Written and Directed by Rodney Evans
Released January 17, 2004
94 min. • Find on imdb
Review by Stephen O. Murray
Film editor Rodney Evans wrote, produced, and directed Brother to Brother, a portrait of the artist as a young gay black man yearning for love and for connection to a gay black heritage.
Perry Williams [Anthony Mackie] is a student at Columbia and a budding painter. In the recent past, in Brooklyn, his father walked in and found him with another young black male in a compromising position and threw him out.
Family rejection is exacerbated by the freely expressed homophobia of the other black men in a black studies class Perry is taking (and playing James Baldwin to their Eldridge Cleaver-channeling thugs). The only classmate who is at all supportive is its one white male, Jim [Alex Burns]. Perry hopes that Jim will be his “special friend” and harbor from the storms battering him. Perry beds Jim and makes no allowances for Jim’s inexperience, storming off in a huff at an attempt by Jim to express appreciation.
Perry also rejects the interest in his work by a white gallery owner who sees some of Perry’s paintings in a group show. Perry’s hostility is directed at white men. He is unsubtly derogated and physically assaulted by straight black men (although he has one longtime protector who is a straight black man). As is often the case for young gay men, Perry does not have any father figure to link him to any gay tradition. Transmission of black gay culture/heritage is even less smooth than transmission of white gay culture. Perry has read Baldwin and is just discovering the writers of the Harlem Renaissance.
He has read “Smoke, Lilies, and Jade,” the scandalous (at the time) homoerotic story in the one and only issue of Fire!!, and realizes that an elderly man sleeping in a homeless shelter where Perry works is its author, Richard Bruce Nugent (portrayed by Roger Robinson). Although not conventionally successful, the elderly poet/painter still has quite a bit of joie de vivre and manages to inspire Perry, particularly when Perry is at his lowest point, moping in his room after being bashed. (Although I detect influences of Il Postino and Zorba, the Greek, this is the scene that makes the movie. It also leads to some interesting paintings…)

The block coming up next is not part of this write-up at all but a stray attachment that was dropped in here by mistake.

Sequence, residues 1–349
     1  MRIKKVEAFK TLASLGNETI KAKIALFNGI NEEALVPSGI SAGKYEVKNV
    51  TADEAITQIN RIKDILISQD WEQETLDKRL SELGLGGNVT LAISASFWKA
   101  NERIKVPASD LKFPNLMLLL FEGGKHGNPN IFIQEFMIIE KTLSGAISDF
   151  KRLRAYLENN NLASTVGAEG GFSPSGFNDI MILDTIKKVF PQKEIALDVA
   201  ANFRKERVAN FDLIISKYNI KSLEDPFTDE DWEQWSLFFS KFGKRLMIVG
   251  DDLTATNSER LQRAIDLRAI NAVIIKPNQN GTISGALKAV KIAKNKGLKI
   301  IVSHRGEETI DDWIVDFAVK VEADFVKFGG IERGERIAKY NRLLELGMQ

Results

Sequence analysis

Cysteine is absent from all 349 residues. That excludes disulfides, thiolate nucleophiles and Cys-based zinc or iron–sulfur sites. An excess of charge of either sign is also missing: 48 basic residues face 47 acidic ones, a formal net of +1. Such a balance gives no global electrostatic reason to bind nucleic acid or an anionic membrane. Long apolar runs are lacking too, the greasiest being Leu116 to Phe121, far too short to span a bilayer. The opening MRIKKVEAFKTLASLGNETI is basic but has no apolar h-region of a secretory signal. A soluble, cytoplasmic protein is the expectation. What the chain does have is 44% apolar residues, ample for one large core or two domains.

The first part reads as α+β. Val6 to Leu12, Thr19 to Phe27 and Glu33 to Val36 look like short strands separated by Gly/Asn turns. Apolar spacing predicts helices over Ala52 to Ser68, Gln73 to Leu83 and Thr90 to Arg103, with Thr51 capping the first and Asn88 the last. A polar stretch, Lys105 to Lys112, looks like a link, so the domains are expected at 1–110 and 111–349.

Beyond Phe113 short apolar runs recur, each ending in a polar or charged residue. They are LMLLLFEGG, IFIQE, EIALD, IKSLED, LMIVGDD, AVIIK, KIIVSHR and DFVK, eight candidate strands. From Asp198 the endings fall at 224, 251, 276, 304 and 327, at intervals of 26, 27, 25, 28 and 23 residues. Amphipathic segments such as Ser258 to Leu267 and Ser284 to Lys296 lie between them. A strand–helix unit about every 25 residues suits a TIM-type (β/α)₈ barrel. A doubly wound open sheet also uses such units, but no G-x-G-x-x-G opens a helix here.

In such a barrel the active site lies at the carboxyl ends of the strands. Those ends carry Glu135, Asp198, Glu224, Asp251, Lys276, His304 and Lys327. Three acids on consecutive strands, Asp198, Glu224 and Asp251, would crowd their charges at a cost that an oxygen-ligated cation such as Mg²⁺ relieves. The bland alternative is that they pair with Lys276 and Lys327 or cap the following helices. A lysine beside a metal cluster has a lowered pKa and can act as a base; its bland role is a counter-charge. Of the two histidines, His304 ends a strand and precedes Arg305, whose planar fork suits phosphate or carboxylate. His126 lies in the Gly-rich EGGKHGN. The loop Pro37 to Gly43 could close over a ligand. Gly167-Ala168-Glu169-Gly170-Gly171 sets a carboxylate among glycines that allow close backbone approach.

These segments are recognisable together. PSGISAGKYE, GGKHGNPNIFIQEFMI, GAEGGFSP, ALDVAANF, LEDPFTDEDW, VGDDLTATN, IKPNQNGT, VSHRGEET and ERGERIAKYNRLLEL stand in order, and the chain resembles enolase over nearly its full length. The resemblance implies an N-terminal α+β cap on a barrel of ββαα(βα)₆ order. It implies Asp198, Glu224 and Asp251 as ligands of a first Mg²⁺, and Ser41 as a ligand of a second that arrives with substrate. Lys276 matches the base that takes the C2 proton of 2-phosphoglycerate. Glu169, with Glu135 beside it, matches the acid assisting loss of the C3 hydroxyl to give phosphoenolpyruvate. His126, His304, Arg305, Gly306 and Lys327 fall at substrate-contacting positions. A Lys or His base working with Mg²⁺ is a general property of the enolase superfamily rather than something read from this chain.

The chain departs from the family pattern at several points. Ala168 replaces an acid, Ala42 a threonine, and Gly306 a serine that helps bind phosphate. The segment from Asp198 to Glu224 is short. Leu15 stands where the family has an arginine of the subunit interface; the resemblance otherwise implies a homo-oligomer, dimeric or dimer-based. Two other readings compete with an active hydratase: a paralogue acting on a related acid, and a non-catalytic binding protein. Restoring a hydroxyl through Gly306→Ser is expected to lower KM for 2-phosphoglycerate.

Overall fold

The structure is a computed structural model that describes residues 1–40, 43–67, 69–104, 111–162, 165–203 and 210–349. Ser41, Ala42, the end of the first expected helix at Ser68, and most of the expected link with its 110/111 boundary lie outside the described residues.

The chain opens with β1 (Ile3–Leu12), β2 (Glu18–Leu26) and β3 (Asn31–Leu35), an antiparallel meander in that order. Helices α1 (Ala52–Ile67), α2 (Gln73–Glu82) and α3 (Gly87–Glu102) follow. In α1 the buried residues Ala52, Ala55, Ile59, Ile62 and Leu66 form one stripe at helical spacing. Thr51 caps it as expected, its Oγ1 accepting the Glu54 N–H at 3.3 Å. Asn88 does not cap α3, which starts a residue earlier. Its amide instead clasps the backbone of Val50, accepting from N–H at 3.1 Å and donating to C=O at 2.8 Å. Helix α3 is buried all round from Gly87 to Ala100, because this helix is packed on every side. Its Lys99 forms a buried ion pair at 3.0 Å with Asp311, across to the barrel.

There is nothing within the movie to establish when its present-day is. I was moored by the knowledge that Nugent died in 1987. Having read quite a bit of Harlem Renaissance writing, I knew who the characters in Bruce’s flashbacks were and that what was shown fits with the literature of and about the Harlem Renaissance. Those with whom I saw the movie who lacked that familiarity, found the flashbacks confusing and thought the movie was set in this millennium.
Perry’s discovery of the forgotten survivor of the Harlem Renaissance is dramatically satisfying but could not have happened, because Nugent had already been rediscovered and interviewed in the early 1980s by Bruce Garber, Richard Lewis, and others. “Smoke, Lilies, and Jade” and Eric Garber’s article on the centrality of gay people to the Harlem Renaissance were reprinted in the 1983 anthology Black Men, White Men, and there was a chapter about Nugent in the successor 1986 anthology In the Life.
(It was also reprinted in The Portable Harlem Renaissance Reader (1994). Before the film was made, Nugent was quoted extensively in When Harlem Was in Vogue (1989), and portrayed in Steven Corbin’s No Easy Place To Be (1989) and Isaac Julien’s Looking for Langston (also 1989), as well as in Watson’s book. In 2002, a collection of Nugent’s writings was published, Gay Rebel of the Harlem Renaissance, edited with a substantial introduction by Thomas H. Wirth.)
The relationship between the forgotten aged artist and the struggling young is more dramatic than the rediscovery of the black gay pioneer by white gay historians. The large and mostly black gay audience with whom I saw Brother to Brother were enthusiastic about the movie and its reclamation of a heritage.
Although the characterizations of the Harlem Renaissance figures were sketchy, Ray Ford as Wallace Thurman and Duane Boutte as the young Bruce Nugent are compelling. So are the actors of the film’s present day. (I’ve forgotten the name of the character who plays Perry’s friend and protector, so can’t check IMDB to link his name. Whatever it is, he is superb.) Roger Robinson has the best role and plays it well. Anthony Mackie has the much tougher role of avoiding seeing himself as a victim or coming across as petulant. Being the witness to the Indomitable Human Spirit and the Our Lost Heritage is less flashy than incarnating them, but I think Mackie does very well.
The trailer can be seen via YouTube.
©2004, 2016, Stephen O. Murray
Originally posted on Epinions 27 June 2004